|Elmira - Steele Memorial Library||1||920.72 R282||Adult NonFiction Book|
|Elmira - Steele Memorial Library||2||920.72 R282||Adult NonFiction Book|
|Hammondsport - Fred and Harriett Taylor Memorial Library||1||920.72 REA||Adult NonFiction Book|
A comprehensive reference that chronicles first achievements of American women from the 16th century to the present, this fascinating and inspiring book covers more than 20 fields of endeavor. Included are the first woman mayor (1897), the first woman athlete to play men's regular basketball (1986), as well as more celebrated females such as Gracie Allen, Clara Barton, and Muriel Siebert.
Library Journal Review
This alphabetical collection of brief biographies does not contain even a simple index to the accomplishments of the women included. One can thus find the essay on the first woman elected to the U.S. Senate only if you know that her name was Hattie Caraway. The quality of the entries is uneven and selection and entry length idiosyncratic. Thus, the entry for Lucky (Joy) Piles Lucas, the first woman to be certified as a professional ski instructor, is as long as that for Burnita Shelton Matthews, the first woman federal district court judge. More confusingly, the authors intersperse eccentric institutional entries throughout. For example, ``Secret Service Agents, First Women'' is an entry, but not ``Labor Department, U.S., First Woman Secretary''; ``Hockey Association, U.S. Field'' appears but not ``Women's Bureau, U.S.'' This volume is more suitable as a gift book than a reference tool. The Book of Women's Firsts is not recommended.--Cynthia Harrison, Fed. Judicial Ctr., Washington, D.C. (c) Copyright 2010. Library Journals LLC, a wholly owned subsidiary of Media Source, Inc. No redistribution permitted.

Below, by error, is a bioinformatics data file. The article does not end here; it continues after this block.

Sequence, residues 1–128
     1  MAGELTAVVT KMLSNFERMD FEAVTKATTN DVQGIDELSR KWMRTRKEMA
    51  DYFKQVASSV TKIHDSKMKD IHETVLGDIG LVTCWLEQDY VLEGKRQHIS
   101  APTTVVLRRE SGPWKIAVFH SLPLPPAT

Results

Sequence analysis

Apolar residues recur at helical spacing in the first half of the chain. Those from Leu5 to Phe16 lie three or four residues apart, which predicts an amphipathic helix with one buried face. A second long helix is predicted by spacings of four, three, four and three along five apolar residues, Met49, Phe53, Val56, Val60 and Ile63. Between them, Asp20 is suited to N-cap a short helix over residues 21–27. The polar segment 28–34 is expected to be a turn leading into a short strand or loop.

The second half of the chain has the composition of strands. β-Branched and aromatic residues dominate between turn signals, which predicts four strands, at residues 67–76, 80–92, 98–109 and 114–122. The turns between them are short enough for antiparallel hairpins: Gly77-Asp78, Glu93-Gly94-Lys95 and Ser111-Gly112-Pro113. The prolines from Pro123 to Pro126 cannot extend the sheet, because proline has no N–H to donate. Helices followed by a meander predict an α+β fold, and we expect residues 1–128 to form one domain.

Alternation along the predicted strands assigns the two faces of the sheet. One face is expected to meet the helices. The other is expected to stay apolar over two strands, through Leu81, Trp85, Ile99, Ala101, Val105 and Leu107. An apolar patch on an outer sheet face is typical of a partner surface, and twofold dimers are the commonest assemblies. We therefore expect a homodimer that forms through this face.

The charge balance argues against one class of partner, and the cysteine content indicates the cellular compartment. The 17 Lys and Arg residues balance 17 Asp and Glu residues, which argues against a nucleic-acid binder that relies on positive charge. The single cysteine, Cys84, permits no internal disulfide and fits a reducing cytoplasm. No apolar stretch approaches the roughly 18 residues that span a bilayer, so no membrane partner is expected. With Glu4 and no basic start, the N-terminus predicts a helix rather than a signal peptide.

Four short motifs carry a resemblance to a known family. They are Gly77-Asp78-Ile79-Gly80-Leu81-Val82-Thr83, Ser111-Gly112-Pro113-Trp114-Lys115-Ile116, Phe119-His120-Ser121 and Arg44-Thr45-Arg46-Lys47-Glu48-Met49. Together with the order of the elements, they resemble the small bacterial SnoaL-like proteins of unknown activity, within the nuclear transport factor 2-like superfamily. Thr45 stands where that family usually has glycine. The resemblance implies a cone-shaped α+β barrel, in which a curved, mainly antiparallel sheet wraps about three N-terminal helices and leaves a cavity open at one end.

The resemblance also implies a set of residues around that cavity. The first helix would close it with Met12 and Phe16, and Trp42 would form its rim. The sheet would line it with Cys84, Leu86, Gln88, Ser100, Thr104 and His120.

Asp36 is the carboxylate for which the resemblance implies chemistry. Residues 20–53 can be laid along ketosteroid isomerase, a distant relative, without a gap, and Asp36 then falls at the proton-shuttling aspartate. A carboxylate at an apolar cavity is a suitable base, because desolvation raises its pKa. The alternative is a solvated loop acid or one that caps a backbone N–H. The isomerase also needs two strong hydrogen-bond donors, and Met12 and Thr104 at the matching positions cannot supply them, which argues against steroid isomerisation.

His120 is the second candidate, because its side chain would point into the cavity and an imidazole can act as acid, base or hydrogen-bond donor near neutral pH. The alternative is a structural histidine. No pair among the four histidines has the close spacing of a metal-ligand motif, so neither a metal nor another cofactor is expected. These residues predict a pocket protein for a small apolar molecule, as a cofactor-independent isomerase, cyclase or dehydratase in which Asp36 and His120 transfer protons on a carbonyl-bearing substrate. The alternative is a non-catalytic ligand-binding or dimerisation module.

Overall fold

School Library Journal Review
Gr 7 Up-- A biographical dictionary of 1000 Americans women who were the first to achieve in fields previously restricted to men. Their accomplishments range from the serious to the frivolous and often include the outrageous. The information is brief, intended to serve as inspiration or as a springboard for further research. But whether it's the ``first person to claim that Francis Bacon wrote the works attributed to William Shakespeare (1856)'' or ``the first girl to play in organized baseball competition with boys (1963),'' the entries succinctly evaluate the impact of each groundbreaker. While these entries are not as extensive, nor the women as famous, this book makes a nice companion to The International Dictionary of Women's Biography , (Continuum, 1982). Useful to support gender-awareness curriculums and an excellent resource for Women's History Month.-- Mary H. Cole, Polytechnic Preparatory Country Day School, Brooklyn (c) Copyright 2010. Library Journals LLC, a wholly owned subsidiary of Media Source, Inc. No redistribution permitted.